America’s newspapers, while a dying bunch, still serve an important purpose: to represent the social climate of the regions they represent. In Florida, the Miami Herald has been doing this by running editorials and op-eds about how stupid the state’s gay adoption ban is; how stupid Don’t Ask Don’t Tell is; how stupid banning gay marriage is. And this has upset reader Jerome Hurtak — so much so that he wrote in to the newspaper to complain about the Herald‘s one-sidedness. The paper’s public editor responded. With this: Yeah, and?
“Yes, I agree that the subject of gay rights deserves discussion from all sides, and so I reviewed The Herald’s editorial pages myself,” says ombudsman Edward Schumacher-Matos. “I found that since June, the paper ran seven op-ed columns supporting various gay rights, versus two that opposed. News columnist Daniel Shoer Roth, who is openly gay, wrote three more in the news pages that were sympathetic to gay causes. The pro views, for the most part, supported gay adoption of children, gay service in the military and gay marriage. The anti ones, both by Cal Thomas, rejected having gays in the military, gay marriage and the ordination of gay Episcopal bishops. Add to this two editorials in which The Herald editorial board endorsed allowing gay adoption and ending the military’s don’t ask/don’t tell policy and the balance on the pages clearly favored expanding gay rights. Is this wrong? I don’t think so. … This not to say that the newspaper should only run popular opinions. The Herald has a duty to expose readers to responsible arguments from all sides of difficult issues. They might cause opinions to change. … To be sure, the opposition to gay rights must be respected. These readers’ views are rooted in religion (though religious interpretations are changing) and in strong social and family traditions, particularly among older generations. A newspaper that is too far in front of its community will lose that community. Change is often best nudged to avoid violent cleavage, which is itself a moral imperative.”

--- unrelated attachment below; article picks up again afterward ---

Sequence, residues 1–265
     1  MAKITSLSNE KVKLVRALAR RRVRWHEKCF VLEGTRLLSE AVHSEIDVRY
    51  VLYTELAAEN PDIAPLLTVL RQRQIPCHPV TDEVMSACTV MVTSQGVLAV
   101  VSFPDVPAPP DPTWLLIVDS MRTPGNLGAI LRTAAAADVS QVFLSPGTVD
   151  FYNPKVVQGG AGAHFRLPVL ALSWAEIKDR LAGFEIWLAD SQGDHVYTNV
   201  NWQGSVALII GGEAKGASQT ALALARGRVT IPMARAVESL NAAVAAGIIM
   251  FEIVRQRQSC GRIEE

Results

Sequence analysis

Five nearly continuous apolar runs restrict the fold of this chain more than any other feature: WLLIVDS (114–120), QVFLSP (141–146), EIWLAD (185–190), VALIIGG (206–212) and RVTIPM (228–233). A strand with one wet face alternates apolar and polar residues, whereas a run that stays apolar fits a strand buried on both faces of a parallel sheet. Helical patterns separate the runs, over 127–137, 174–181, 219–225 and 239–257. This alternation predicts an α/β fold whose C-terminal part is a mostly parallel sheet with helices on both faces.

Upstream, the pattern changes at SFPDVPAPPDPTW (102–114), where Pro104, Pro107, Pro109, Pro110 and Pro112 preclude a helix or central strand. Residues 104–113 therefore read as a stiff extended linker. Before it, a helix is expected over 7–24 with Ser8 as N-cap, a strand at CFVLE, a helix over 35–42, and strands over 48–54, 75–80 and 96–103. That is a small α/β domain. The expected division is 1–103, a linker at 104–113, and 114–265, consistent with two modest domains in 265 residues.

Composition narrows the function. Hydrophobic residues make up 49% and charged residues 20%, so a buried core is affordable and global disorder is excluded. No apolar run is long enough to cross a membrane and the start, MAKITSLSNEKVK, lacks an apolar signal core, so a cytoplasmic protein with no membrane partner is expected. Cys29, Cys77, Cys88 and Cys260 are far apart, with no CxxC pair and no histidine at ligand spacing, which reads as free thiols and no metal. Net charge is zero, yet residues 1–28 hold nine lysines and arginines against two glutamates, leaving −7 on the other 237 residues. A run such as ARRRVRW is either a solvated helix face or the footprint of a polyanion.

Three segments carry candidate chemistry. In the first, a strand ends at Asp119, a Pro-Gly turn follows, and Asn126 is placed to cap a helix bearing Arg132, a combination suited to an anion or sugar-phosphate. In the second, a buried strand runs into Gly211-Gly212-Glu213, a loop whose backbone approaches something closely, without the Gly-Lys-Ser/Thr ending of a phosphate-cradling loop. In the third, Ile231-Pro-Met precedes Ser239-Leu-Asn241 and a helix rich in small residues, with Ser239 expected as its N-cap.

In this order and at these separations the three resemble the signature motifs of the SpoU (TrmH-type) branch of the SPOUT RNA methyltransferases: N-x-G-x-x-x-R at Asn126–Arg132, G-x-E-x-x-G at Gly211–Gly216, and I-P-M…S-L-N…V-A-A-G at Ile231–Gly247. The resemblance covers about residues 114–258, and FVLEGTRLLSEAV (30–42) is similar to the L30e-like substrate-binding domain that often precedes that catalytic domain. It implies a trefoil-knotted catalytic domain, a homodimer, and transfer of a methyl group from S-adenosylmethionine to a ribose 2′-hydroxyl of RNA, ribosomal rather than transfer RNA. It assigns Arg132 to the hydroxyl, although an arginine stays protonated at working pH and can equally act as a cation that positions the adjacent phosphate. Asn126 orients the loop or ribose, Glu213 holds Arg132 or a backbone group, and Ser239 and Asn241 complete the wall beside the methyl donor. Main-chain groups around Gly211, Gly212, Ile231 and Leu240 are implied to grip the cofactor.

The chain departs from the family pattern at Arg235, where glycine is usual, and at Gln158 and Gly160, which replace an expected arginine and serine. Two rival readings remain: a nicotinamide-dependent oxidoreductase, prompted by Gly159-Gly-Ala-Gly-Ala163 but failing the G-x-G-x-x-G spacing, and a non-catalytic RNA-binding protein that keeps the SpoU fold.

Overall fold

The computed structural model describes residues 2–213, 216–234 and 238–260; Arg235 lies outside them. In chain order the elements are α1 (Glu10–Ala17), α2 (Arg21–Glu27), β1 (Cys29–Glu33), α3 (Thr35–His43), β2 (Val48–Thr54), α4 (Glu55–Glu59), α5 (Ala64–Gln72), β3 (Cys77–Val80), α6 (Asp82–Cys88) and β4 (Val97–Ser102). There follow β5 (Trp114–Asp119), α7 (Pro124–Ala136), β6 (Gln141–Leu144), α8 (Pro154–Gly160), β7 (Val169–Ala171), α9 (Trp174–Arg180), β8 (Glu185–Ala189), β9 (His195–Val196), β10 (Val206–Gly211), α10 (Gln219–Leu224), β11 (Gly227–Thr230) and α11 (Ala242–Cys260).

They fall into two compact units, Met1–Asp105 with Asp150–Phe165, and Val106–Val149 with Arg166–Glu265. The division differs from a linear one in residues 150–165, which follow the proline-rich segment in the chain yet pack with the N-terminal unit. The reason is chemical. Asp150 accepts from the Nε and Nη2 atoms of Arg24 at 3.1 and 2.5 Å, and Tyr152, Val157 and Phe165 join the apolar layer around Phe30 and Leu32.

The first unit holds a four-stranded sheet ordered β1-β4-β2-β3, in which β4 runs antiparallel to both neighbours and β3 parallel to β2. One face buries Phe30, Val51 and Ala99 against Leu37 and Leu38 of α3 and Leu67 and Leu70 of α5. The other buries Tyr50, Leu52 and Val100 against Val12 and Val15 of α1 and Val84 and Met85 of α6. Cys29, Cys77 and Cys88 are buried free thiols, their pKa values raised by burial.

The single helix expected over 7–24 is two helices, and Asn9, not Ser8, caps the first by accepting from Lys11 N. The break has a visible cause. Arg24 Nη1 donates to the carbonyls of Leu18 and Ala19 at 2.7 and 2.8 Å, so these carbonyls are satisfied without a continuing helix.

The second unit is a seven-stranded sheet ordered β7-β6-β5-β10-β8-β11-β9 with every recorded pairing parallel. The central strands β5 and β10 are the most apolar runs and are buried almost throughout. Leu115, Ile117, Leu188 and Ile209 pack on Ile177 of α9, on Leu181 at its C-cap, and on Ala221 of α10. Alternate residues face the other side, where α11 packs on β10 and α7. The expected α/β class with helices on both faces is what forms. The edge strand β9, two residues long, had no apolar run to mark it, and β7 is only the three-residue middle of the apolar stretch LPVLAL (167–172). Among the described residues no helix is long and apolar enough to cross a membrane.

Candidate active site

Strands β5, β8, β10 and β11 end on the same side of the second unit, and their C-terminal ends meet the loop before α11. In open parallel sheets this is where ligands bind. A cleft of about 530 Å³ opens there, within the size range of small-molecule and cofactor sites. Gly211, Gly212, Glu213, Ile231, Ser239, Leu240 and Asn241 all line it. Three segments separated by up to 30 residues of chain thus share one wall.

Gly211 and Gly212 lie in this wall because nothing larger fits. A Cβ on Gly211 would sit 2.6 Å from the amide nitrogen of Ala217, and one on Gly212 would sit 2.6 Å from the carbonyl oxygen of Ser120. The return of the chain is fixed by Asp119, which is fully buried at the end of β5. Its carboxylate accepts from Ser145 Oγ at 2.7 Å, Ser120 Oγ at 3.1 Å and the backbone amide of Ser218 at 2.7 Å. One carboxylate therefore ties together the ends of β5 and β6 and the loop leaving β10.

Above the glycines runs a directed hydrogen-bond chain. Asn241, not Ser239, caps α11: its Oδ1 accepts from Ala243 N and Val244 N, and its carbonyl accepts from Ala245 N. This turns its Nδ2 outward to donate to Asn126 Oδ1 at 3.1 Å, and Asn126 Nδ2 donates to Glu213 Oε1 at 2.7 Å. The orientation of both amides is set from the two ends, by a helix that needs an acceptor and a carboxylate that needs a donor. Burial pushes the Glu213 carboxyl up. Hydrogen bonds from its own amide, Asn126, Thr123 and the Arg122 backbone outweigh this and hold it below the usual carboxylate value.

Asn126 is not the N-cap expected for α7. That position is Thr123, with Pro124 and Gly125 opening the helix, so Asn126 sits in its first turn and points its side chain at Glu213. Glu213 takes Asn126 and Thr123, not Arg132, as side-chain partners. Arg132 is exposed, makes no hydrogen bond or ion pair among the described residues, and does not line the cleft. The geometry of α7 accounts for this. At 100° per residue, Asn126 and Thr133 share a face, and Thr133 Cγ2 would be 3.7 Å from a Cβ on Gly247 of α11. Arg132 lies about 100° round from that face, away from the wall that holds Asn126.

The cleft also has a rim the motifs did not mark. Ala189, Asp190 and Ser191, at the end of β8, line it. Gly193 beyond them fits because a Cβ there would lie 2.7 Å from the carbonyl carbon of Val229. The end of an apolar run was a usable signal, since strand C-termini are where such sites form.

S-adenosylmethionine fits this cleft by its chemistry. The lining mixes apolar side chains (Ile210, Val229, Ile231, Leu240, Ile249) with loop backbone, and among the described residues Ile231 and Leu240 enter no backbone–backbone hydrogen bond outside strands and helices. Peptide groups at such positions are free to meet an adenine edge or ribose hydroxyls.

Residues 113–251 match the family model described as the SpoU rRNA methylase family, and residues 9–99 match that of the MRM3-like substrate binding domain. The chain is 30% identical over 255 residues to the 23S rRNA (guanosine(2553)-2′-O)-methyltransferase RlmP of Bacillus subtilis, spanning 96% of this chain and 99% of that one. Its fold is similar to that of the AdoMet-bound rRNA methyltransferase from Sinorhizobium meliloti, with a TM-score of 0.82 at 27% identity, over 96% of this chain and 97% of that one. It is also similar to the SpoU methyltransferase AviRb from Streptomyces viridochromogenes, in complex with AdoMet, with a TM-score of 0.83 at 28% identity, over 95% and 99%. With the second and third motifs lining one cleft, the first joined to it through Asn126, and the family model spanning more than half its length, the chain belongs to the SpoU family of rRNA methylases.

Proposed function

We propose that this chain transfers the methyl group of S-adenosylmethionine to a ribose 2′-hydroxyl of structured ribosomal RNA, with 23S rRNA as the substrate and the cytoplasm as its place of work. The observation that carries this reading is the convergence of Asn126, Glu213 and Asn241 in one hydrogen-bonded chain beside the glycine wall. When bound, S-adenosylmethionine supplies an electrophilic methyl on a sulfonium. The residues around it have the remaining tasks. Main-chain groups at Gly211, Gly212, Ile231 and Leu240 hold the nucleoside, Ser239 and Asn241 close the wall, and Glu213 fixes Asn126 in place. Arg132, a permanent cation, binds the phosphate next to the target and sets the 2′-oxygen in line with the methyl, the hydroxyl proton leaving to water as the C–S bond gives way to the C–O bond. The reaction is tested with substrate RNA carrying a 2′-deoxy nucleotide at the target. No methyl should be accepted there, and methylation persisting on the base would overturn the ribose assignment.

That’s a very peaceable response to what some of us (this website?) might consider obvious: Whether the majority of Americans are in favor of LGBT equality legislation is one thing, but there is also the notion of right and wrong. Newspapers, just 50 years ago (and some even more recently), were publishing op-eds favoring separate drinking fountains for black Americans and segregated schools. We would scoff at any newspaper that did that today — but, at the time, it seemed rather … normal, if not upsetting to many. And today, we’re seeing another debate play out in newspaper pages, although some of us are more willing to acknowledge how history is being written than others. In twenty years, or thirty, the idea that we could have once advocated discriminating against a certain class of Americans will seem hateful, byzantine, and altogether foolish.
We’re just fine with thoughtful, reasoned discussions about gay rights — just as we are for similar discussions about affirmative action and abortion (those touchy subjects!). But for the same reason we’re denouncing media outlets trafficking in hateful rhetoric under the guise of “presenting the opposite side,” so too do we call bullshit on newspapers filling its pages with anti-gay arguments to maintain the appearance of objectivity.